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MonkeyNotes-Coriolanus by William Shakespeare
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Notes

The first scene of the second act opens with Menenius, Sicinius, and Brutus discussing Marcius. The tribunes criticize him for being overly proud and disdainful of the commoners. They also accuse him of being a braggart, which he certainly is not; the audience has seen him saying little about his own victory and silencing the praise of others. Menenius is shown to defend Marcius from the charges levied against him, yet he cleverly escapes personal criticism by professing himself to be “a humorous patrician.” But Menenius does not spare the tribunes, calling them hypocritical and ambitious. The entire exchange becomes marked by contempt, as accusations and counter-accusations fly. As their conversation draws to a close, Menenius comments, “You talk of pride: O that you could turn your eyes towards the napes of your necks, and make a survey of your good selves.” This is a telling comment and true of most of the Roman leaders. They are all unwilling to evaluate their own characters, foreshadowing that Coriolanus will not see his own faults. On a larger scale this inability to self-assess results in a political crisis in Rome.

When the ladies enter, Menenius goes from being caustic and contemptuous to posing as a courtier, praising the women in exaggerated terms. Volumnia is overjoyed and shares the news of her son’s victory. Menenius is genuinely happy to hear of the victorious return of Marcius and promises to give a feast. When the talk turns to Marcius’ wounds, Virgilia appears distraught as she thinks of her husband’s pain; in contrast, Volumnia is exultant that he bears wounds, the marks of a noble soldier.


Now that the Volscians have been defeated, the class conflict and political turmoil are sure to come to the forefront again. The play opened with the prospect of plebian rebellion, which was averted by the mediation of Menenius; now the commoners have two representatives who are cunning and greedy for power. They are certain to stir things up; in fact, during this scene, they show their envy of Coriolanus and plot his downfall. For the moment, however, the crowd gathers to welcome Marcius as a war hero. The herald sings his praise and the crowd shouts its approval. However, underneath all the jubilation and praise for Coriolanus, there is an uneasy tension.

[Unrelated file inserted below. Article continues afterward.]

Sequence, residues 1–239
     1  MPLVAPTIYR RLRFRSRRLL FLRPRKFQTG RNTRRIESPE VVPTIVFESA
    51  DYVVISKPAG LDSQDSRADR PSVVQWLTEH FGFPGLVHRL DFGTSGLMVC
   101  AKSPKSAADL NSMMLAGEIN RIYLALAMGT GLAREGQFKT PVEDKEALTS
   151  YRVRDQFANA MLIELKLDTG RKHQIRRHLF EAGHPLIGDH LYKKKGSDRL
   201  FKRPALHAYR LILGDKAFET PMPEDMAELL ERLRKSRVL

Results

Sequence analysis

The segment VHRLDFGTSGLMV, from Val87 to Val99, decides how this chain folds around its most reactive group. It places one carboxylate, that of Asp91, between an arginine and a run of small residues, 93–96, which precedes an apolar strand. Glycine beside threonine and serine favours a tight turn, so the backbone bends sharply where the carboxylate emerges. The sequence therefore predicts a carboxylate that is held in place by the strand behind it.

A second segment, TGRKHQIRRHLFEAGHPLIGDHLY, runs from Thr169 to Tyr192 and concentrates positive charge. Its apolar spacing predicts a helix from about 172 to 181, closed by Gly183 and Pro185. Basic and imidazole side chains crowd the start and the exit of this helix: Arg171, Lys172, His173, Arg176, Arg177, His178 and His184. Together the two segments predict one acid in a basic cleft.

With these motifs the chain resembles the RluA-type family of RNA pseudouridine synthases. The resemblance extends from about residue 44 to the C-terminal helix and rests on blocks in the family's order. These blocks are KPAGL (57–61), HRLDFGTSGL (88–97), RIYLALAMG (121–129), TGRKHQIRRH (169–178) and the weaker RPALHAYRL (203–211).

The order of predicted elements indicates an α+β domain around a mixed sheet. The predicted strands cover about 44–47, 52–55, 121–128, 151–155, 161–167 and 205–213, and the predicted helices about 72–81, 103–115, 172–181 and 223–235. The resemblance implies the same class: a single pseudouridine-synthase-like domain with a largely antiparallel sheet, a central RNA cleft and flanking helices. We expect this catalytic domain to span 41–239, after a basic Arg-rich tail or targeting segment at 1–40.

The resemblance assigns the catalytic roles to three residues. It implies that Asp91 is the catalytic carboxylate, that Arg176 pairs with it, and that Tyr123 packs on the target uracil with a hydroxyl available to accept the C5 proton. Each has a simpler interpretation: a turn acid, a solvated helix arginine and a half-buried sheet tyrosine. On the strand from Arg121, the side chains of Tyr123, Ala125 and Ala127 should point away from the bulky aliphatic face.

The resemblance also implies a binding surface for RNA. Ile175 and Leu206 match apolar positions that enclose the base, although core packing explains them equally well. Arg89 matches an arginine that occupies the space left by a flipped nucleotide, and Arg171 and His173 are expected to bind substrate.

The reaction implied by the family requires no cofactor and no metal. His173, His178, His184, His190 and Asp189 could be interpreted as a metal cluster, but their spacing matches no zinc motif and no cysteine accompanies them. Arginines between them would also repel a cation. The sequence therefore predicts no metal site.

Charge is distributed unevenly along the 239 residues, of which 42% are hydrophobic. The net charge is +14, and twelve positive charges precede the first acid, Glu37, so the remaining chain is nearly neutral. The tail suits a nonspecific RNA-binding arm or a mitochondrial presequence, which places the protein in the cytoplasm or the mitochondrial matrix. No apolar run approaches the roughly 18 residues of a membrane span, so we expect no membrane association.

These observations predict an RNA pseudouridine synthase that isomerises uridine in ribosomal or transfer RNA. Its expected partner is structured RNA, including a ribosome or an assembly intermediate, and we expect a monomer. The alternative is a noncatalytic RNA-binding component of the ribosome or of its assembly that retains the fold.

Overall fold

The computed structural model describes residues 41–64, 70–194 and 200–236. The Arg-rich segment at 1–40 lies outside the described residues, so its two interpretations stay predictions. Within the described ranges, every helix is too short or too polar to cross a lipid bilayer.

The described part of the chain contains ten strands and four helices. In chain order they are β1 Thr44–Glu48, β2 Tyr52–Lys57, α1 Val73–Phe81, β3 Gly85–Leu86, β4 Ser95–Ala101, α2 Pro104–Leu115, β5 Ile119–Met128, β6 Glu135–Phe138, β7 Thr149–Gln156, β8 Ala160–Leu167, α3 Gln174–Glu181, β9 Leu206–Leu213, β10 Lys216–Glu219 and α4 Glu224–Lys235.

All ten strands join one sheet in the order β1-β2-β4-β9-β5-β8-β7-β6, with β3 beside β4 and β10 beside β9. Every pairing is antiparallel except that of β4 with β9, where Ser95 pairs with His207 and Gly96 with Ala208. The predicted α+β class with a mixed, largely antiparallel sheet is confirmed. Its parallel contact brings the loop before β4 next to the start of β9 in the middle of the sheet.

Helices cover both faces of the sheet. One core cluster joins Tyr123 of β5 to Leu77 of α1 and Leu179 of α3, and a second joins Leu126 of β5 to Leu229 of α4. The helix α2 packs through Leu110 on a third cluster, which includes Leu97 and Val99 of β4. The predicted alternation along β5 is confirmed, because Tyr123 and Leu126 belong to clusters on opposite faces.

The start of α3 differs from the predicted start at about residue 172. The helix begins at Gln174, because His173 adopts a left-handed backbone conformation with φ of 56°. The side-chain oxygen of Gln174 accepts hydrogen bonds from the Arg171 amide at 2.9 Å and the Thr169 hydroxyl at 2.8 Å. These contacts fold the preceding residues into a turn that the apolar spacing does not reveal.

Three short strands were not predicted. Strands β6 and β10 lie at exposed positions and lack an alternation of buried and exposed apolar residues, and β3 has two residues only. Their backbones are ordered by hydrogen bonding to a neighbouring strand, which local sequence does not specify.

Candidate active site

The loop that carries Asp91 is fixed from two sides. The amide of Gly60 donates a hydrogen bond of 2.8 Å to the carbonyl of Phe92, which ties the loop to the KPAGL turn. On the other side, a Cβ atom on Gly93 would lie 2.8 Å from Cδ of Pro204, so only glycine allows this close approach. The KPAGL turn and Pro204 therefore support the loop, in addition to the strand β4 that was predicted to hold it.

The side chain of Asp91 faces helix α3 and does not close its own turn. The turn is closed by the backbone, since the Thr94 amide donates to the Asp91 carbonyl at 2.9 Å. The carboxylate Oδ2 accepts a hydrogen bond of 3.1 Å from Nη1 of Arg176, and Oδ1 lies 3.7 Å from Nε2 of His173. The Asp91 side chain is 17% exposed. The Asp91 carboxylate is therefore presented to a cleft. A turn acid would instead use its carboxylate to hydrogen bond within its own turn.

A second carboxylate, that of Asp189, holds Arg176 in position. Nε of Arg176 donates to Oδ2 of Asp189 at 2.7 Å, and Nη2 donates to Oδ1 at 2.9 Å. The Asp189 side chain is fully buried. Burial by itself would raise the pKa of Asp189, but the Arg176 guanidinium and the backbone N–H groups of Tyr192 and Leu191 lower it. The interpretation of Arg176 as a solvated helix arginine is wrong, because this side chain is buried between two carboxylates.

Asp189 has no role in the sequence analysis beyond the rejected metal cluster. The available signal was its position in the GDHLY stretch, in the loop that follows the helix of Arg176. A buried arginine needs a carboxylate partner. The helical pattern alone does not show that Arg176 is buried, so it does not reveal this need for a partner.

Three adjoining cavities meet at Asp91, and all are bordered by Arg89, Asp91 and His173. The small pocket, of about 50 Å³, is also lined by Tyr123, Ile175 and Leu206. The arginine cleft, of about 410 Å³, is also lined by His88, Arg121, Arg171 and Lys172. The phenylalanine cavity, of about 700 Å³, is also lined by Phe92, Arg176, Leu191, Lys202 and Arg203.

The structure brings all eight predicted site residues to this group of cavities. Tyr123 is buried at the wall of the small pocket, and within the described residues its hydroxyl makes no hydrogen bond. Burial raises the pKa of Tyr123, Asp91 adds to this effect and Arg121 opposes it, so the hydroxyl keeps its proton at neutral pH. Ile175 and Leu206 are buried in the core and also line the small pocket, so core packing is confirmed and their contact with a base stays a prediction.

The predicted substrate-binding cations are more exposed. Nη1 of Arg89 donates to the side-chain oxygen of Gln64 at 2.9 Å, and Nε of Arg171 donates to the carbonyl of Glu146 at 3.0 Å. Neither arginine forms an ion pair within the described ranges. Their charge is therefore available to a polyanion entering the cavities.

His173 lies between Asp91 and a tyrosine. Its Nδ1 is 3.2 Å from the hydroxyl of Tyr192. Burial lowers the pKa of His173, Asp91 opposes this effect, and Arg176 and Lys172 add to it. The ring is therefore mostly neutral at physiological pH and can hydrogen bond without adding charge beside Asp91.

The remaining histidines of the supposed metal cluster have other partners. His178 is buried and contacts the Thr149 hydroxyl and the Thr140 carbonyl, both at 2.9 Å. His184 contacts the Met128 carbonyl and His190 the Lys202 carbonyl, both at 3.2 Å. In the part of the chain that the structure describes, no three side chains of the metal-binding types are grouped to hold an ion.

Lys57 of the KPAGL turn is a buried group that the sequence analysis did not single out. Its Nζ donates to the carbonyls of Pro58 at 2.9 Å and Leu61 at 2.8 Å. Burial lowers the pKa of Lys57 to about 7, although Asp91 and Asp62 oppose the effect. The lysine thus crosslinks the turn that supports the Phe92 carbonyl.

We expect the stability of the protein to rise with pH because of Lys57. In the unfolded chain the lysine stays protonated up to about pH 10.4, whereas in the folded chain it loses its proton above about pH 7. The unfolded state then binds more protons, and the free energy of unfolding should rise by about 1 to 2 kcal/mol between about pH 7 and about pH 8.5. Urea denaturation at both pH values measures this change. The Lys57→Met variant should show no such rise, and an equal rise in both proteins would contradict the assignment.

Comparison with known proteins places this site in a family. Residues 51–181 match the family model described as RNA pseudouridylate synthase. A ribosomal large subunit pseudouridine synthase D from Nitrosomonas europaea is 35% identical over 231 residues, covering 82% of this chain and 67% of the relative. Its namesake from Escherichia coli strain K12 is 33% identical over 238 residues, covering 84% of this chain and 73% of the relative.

Marcius’ entry with the garland crowning his head amid shouts of general approval is magnificent. He is embarrassed by the unrestrained welcome and subdues the crowd to silence. Upon seeing his family, he first greets his mother and then turns to his wife and lovingly reproaches her for her tears. He addresses Virgilia not as a heroic warrior but as someone who understands her concern for him. There is warmth in his words for her.

A note of doubt enters the play when Volumnia expresses her desire that Coriolanus be made consul, a fulfillment of all her dreams. Marcius, however, knows he is more suited for the battlefield than the Senate halls; he is rigid in what he believes and inflexible to change, limiting traits for a politician.

The scene closes with another conversation between the two tribunes. Their dialogue reveals that they are extremely jealous of Coriolanus and lust for more power and praise for themselves. If Coriolanus becomes consul, they will make sure he is not successful by making him reveal his disdain for the commoners, which will surely cause his downfall due to all the political unrest. The conversation closes with a mood of foreboding for the protagonist. When the messenger arrives to say that Coriolanus is sure to be elected consul, the foreboding increases.

The structural principle operating in the scene is one of juxtaposition and contrast. The scene opens with the snubbing of the tribunes by Menenius and closes with hatching a plot by the tribunes. There is a deliberate and exaggerated contrast as Menenius turns away from the tribunes and greets the ladies in dignified courtly terms; this reveals his two-sided nature, scornful one minute and gracious the next. Volumnia’s enthusiasm for blood and honor contrasts sharply with the concern and silence of Virgilia.

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MonkeyNotes-Coriolanus by William Shakespeare

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